After the giddiness of the first, and the excitement of the second, last night's debate felt like a bad third date, at which we suddenly became painfully aware of the other's affectations. Partly this was because we've got used to the leaders' debate mannerisms, which now seem cartoonish: Clegg's "shrug of exasperation at the old politics", Cameron's "pursed lips of authority", and Brown's wolfish grins, which appear at unexpected moments, as if triggered by passing planes. It was a little depressing, but then the theme was the economy, about which there is nothing undepressing to say.
What might have quickened the blood is if one of them had told the truth about how awful things are going to be; if Clegg had said, "I have to tell you, the next Prime Minister of this country would do well to spend their first week in an abattoir, learning how to make savage cuts" or if Brown had suddenly roared "I am Vishnu, destroyer of worlds". Instead, all three colluded in the pretence that by cutting down on next year's stationery order and cancelling the summer golf day, we ought to be able to muddle through this spot of bother. There was a dreamlike quality to it, which was enhanced by the BBC's choice of backdrop: a picture of Westminster refracted through a lava lamp. I thought for a moment that it might be sentient, and offering a silent commentary on the debate - purple when it was angry, pink when charmed. Whatever it was, it was unsettling (what on earth went on at the meeting where that was chosen? "These are changing times, times of uncertainty yeah? So the backdrop needs to reflect that.") The dreaminess was deepened by Dimbleby's impression of a mythical public school headmaster - peering over his glasses at the boys, and occasionally dropping off - and by the orange faces of the participants, which now and then would merge seamlessly into the backdrop.
Cameron performed at almost exactly the same level as he has done in the last two debates: not bad. He dared to be a little sharper - he had a good line about GB seemingly being unsure of which country he's presiding over. But he didn't really go for any top notes of passion or anger. He has played all three nights with a straight bat, pursuing, with considerable discipline, the classic strategy of a leader in the polls. He had a good outfit on, although his chin glistened, and occasionally, when he glanced at Dimbleby for permission to respond to a Brown salvo, he looked like he was summoning a waiter to deal with a troublesome beggar at his table.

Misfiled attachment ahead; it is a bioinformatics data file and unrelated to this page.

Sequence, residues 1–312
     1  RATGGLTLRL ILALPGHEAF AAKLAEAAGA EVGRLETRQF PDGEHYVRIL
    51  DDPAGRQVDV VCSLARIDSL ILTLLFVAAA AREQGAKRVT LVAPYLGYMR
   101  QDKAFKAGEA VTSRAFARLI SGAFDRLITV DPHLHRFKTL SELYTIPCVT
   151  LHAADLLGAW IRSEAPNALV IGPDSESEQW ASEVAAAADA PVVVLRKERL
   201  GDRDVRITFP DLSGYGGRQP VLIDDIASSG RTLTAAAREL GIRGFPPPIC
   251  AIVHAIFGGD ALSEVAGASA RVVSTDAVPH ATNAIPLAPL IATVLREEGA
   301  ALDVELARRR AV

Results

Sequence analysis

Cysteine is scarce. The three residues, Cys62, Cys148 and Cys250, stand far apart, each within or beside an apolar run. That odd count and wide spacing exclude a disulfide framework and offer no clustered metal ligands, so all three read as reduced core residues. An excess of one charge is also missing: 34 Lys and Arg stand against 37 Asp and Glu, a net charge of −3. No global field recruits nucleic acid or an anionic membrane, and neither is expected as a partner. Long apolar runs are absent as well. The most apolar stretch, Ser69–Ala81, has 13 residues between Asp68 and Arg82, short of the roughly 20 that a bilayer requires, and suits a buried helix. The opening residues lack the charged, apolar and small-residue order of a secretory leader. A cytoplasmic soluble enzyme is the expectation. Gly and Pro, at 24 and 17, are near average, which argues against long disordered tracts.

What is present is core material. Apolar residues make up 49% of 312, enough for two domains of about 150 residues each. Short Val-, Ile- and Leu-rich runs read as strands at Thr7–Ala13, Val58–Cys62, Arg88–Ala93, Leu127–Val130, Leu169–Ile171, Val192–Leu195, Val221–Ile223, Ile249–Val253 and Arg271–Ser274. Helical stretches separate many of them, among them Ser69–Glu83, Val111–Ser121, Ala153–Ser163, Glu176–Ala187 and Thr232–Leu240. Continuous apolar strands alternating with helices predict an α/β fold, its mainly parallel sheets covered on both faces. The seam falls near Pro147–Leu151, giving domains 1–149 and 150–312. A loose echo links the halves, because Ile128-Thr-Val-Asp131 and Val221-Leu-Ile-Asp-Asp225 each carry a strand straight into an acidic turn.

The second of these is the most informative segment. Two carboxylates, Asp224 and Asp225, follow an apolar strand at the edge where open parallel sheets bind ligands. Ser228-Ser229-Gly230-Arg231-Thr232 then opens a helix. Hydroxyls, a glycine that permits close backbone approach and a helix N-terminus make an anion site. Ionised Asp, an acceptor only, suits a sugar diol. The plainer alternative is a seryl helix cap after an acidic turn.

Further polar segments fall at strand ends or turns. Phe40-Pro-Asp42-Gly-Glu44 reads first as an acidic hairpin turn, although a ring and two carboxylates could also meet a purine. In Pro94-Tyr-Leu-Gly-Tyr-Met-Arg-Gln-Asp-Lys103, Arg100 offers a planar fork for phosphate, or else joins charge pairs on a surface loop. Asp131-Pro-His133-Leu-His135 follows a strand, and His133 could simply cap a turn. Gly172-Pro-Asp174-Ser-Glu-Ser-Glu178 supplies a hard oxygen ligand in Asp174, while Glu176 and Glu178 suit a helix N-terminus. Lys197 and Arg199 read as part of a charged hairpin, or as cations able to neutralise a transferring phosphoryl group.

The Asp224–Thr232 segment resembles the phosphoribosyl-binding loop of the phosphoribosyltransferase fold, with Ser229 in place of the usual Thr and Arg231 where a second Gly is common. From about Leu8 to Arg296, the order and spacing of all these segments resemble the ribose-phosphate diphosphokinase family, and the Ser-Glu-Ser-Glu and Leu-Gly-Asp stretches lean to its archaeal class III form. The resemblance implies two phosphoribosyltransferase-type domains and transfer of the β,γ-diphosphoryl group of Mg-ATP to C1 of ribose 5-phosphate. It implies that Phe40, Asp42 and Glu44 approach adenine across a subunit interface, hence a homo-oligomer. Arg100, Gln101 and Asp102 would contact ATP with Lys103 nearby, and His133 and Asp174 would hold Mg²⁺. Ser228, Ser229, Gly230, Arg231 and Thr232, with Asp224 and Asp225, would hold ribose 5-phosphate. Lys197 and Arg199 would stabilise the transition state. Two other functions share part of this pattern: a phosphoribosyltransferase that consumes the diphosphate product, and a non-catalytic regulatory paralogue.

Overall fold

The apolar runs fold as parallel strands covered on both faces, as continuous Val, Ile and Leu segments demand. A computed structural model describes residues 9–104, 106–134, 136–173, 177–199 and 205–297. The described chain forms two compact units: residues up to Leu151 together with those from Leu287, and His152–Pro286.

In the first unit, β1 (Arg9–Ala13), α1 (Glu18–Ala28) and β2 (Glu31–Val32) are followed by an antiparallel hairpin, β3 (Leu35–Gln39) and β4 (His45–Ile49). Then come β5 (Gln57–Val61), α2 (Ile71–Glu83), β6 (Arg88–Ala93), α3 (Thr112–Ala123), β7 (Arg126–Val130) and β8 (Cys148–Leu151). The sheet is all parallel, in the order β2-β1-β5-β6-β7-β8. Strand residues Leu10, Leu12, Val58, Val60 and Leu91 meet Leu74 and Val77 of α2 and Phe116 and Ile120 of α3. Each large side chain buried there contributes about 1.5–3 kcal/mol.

Clegg, I thought, suffered most from the third date effect. His repeated lines about the "old politics" practiced by the other two seemed more like a shtick than before, delivered by a glib Dem. He got pounded by the other two to some effect over immigration, without managing the aggressive counter-punching he did on Trident last week. He waved his hands a lot, looked boyish, used a lot of Blairish tics ("Look...") and generally seemed less like a potential PM and more than ever like a trendy geography teacher (or as Ed Docx says in this month's Prospect, the winner of BA's short haul pilot of the year competition). He also wore a terrible, attention-seeking tie, which seemed determined to wrest the leadership of his party from under his nose.
When Brown began his opening monologue I thought this was going to be a terrible night for him. As we've seen over the last two years, if things aren't going well, he can't hide it. It's as if a light goes off inside. And last night he looked tired and beaten down. There was none of the smirk and pep he had in the first two debates. But somehow - I can only assume through a superhuman act of will - he dredged up the energy and conviction to deliver a strong performance. He was particularly good on the banks - the night he had to save them, and his anger at them, which chimed with the anger of voters. More impressive than anything he actually said was his display of an extraordinary, uncrushable will to go on, quite awesome to behold.
Not that it will do him any good. The die is cast, certainly for Brown. Not one voter will have changed their mind about voting for him, even if some of those who want him gone might admit to a lingering respect for him. Cameron won the instant polls last night not because he put in the strongest performance, but because people have decided he's going to win the election. I suspect that many voters, even if it is very reluctantly, will switch to him in the last week and I think the Tories will scrape out an overall majority. Then - or after the Queen's Speech - we'll wake up, and with the mother of all hangovers.
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